Much of this time was spent fantasizing about one day having a 1/10th or 1/4th acre homestead. During that time, the book was eye-opening as to what is possible with that little space. Having soaked up these ideas about raised beds, chickens, dwarf fruit trees, and so on for so long, when I finally got a house recently, I knew exactly what I wanted to do with it, which alone is probably worth the price of the book.
But now that I have fruit trees to prune and chicks to raise, I'm not looking to this book for information. For building raised beds, I'm using the instructions from The Urban Homestead (Expanded & Revised Edition): Your Guide to Self-Sufficient Living in the Heart of the City (Process Self-reliance Series), which also details composting with worms, reducing your reliance on the energy grid, and using water more intelligently -things The Backyard Homestead doesn't even mention. Or take pruning. On page 111, "Pruning a Fruit Tree in Four Steps," Step 2 says "First shorten the branch to about a foot, then undercut the branch slightly before sawing it from above. Finally, saw off the stub, leaving a slight collar to promote good healing." These are just the kind of clear-as-mud directions that would greatly benefit from an illustration; unfortunately all that is there is a drawing of a man sawing a branch with a long-handled tool of some kind, nothing to show what exactly a collar is or how much of the remaining foot qualifies as the stub or even why he selected that particular branch. So for pruning, I attended a workshop presented by my local nursery, which was far more informative and has the advantage of pertaining entirely to where I live. Regarding chickens: There are some interesting points, like letting a fresh egg age in the fridge a week before hard-boiling so it won't be difficult to peel or selecting a dual-purpose (egg laying and meat) breed because they are more disease-resistant than specialized breeds, but nothing that will in anyway get you started. For that I'm presently using the book Chick Days: An Absolute Beginner's Guide to Raising Chickens from Hatching to Laying. For rabbits, you'll get two pages most of which just informs you that there are different breeds.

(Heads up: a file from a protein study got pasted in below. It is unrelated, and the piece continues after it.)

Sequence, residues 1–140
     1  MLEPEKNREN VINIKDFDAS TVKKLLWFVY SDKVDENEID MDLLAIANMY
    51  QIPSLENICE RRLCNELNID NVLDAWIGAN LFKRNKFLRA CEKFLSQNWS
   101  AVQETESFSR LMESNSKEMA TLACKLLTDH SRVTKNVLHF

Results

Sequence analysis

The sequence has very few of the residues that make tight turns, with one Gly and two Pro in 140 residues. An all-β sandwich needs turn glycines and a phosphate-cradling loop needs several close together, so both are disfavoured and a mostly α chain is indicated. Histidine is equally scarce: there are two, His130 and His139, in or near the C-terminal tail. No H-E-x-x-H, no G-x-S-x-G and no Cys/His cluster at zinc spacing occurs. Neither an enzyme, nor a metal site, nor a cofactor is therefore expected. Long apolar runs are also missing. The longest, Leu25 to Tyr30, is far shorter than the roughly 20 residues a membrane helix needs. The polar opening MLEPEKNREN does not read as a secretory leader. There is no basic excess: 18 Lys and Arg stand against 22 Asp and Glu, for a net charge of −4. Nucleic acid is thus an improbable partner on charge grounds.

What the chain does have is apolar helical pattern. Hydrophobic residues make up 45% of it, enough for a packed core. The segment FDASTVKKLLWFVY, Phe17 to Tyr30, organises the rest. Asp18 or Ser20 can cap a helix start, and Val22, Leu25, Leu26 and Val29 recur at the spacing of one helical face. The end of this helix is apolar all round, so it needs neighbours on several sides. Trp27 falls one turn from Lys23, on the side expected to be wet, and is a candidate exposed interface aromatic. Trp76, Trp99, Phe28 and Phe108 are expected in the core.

The only section of The Backyard Homestead that I was able to test out in my apartment days was the section on herb gardening. I killed all of them, until getting Grow Great Grub: Organic Food from Small Spaces), which revealed why the rosemary survived but did not grow (too small a pot), why the basil died (unrelenting exposure to wind), how all of them could have benefited from mulch, and how to make simple plant foods. It also explained terms I had seen thrown around in several gardening books, like the warning to not let your plants "bolt" (which at the time I could only imagine involved my herbs running away to a more competent home). All those other books have unhelpful charts describing the exact conditions favored by each plant (type of soil, pH, full sun vs partial shade, etc) until you believe each plant should be grown in its own meticulously placed test tube. And I spent years thinking "partial shade" meant some kind of sparse, broken shade, like under a tree. Turns out the "partial" refers to time; 4-6 hours of direct sun per day compared to 8 hours of direct sun per day for "full sun." And if you've always wanted to grow herbs, but wondered what you might do with them beyond cooking, then absolutely get Making It: Radical Home Ec for a Post-Consumer World, a brilliant DIY book on everything from making your own shampoo to beer to how to slaughter a chicken (The Backyard Homestead refers you to other books for any slaughtering instructions).
By all means, get The Backyard Homestead. Pour over it for hours in a coffee shop/bathtub/Cracker Barrel/escape-of-your-choice. Gaze lovingly at the beautiful, orderly homestead layouts at the beginning of the book. But think of it more as a course catalogue for college, that thick book (if they still put those out) that lists every class a college offers along with a brief description for each, rather than as the classes themselves. Use it to sketch out which topics you'd like to study, then find other resources (mentors, workshops, youtube demonstrations, books, meetup groups, feed stores, nurseries, magazines like Urban Farm) and go from there.